Wednesday, 18 February 2015

UCLan’s masterplan

Not many phrases and ideas from recent philosophy have made it out into common parlance. (It will be interesting to see whether Tom Stoppard will succeed in getting ‘hard problem’ onto the lips of those middle class business men and women who now ride on the Clapham Omnibus.) But one phrase and idea that would have been familiar at least to panellists on Radio 4’s much lamented show ‘Stop the Week’ is Gilbert Ryle’s category mistake or category ‘howler’ in his The Concept of Mind [Ryle 1949 / 2009].

Ryle argues that accounts of intelligent action which postulate additional mental acts behind the bodily actions, or more generally postulate a Cartesian spectral ‘ghost in the machine’, are making a category mistake. Perhaps the best example he gives of such a mistake in a clearer context, best because it helps shed light more directly on the analogical application to the nature of mind, runs:

A foreigner watching his first game of cricket learns what are the functions of the bowlers, the batsmen, the fielders, the umpires and the scorers. He then says ‘But there is no one left on the field to contribute the famous element of team-spirit. I see who does the bowling, the batting and the wicket-keeping; but I do not see whose role it is to exercise esprit de corps.’ [ibid: 6-7]

But the more famous example (after nearly 70 years, it is striking and a bit embarrassing that both examples presuppose the ignorance of ‘foreigners’) is:

A foreigner visiting Oxford or Cambridge for the first time is shown a number of colleges, libraries, playing fields, museums, scientific departments and administrative offices. He then asks ‘But where is the University? I have seen where the members of the Colleges live, where the Registrar works, where the scientists experiment and the rest. But I have not yet seen the University in which reside and work the members of your University.’ It has then to be explained to him that the University is not another collateral institution, some ulterior counterpart to the colleges, laboratories and offices which he has seen. The University is just the way in which all that he has already seen is organized. When they are seen and when their co-ordination is understood, the University has been seen. His mistake lay in his innocent assumption that it was correct to speak of Christ Church, the Bodleian Library, the Ashmolean Museum and the University, to speak, that is, as if ‘the University’ stood for an extra member of the class of which these other units are members. He was mistakenly allocating the University to the same category as that to which the other institutions belong. [ibid: 6]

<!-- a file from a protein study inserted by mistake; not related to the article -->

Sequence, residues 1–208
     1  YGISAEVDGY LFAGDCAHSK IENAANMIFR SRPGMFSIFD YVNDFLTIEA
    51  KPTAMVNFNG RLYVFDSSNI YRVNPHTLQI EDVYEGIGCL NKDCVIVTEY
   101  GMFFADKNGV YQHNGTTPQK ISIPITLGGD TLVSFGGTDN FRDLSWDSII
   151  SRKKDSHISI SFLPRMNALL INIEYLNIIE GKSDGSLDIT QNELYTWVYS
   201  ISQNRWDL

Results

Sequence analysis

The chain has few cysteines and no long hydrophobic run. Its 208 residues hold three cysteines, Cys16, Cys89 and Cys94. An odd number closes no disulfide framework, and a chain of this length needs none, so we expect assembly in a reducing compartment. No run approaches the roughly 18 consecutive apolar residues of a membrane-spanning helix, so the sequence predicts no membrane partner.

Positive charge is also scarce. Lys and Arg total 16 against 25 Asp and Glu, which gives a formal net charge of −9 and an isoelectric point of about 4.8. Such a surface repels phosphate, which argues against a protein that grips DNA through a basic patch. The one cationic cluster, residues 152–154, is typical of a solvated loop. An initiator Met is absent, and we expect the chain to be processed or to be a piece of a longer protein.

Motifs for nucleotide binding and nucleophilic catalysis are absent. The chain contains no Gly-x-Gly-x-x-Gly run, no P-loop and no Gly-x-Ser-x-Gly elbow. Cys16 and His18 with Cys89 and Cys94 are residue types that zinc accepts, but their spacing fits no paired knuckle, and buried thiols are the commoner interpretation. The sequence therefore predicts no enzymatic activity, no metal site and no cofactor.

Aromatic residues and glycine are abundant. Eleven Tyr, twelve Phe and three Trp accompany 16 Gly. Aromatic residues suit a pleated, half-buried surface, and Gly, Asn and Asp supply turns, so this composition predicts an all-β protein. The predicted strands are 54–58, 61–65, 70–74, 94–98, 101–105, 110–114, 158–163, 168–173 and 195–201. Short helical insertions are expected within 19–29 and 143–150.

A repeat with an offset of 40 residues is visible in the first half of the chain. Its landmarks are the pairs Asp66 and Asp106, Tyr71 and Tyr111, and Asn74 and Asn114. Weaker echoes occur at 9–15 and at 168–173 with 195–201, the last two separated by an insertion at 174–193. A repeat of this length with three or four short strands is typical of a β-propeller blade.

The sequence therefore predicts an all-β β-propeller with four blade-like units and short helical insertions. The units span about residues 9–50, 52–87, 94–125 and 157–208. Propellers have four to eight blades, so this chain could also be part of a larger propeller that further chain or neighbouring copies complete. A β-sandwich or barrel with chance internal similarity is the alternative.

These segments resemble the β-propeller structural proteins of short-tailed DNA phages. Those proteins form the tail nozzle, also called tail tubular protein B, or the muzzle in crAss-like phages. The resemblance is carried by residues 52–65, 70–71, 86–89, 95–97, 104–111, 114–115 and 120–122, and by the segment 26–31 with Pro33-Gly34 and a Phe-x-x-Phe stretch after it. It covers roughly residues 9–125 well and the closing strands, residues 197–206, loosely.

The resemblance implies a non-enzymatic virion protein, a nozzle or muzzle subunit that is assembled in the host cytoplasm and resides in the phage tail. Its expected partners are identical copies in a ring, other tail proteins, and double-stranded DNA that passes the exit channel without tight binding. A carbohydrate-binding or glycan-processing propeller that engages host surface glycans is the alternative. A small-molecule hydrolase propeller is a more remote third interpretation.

This passage, though not its intended analogical significance, struck me a couple of weeks ago when my university, UCLan, announced bold plans for the development of the university campus area of Preston. The aim would be to create more attractive walking routes between buildings, public spaces with greenery, the exile of university caused traffic to a single carpark away from the rest of the university and a clear central focus or hub: Adelphi Square, a kind of symbolic meeting place of academia and commerce.

Bracketing practical thoughts about how funding the new developments might impact on other areas of the university’s life, on what else it can afford at the same time, the underlying conception of the relation of university and city seems to me very attractive. Why should there not be an exercise of influence by the university on the city planners to change traffic movements etc given their mutual dependence?

The connection to Ryle is something like this. In Oxford – except perhaps from the top of the Radcliffe Camera – it is impossible to get a perspective on the university as a whole. One is always in media res, in an intermingling of town and gown and so it is hard to have a geographic sense of the university. This contrasts with my previous employer: Warwick University (like York and some others built at the same time on green field sites) seems modelled on a medieval settlement with central academic buildings surrounded by halls of residence (though York deliberately mingled offices and accommodation within the campus boundaries). One effect of this was that it was easy to have a sense of the bodily presence of the university. When I worked in space planning at the LSE, we were acutely aware that it was very hard to get a sense of where and hence what the LSE was physically. There was huge difficulty drawing an appropriate campus map or plan, for example. I suspect that that was a main reason for our failed attempt to buy County Hall.

Whilst the logic of Ryle’s example is not affected, a coherent university campus at UCLan with a clear focus provides a practical answer to his hypothetical confused foreigner. Standing in the middle of the future central square, one could point a sweeping hand and say ‘This is the university’.

(This would be a simpler response to the question than the one I, playing the role of ignorant foreigner, was offered when I spent a month as a guest of UniversitĂ© Paris Descartes. Asking my sponsor over Sunday lunch in his grand apartment where the university was – with the intention of going there the next day – he shrugged and said: ‘Why, the university is in our hearts’.)

Ryle, G. (1949 / 2009) The Concept of Mind, Abingdon: Routldge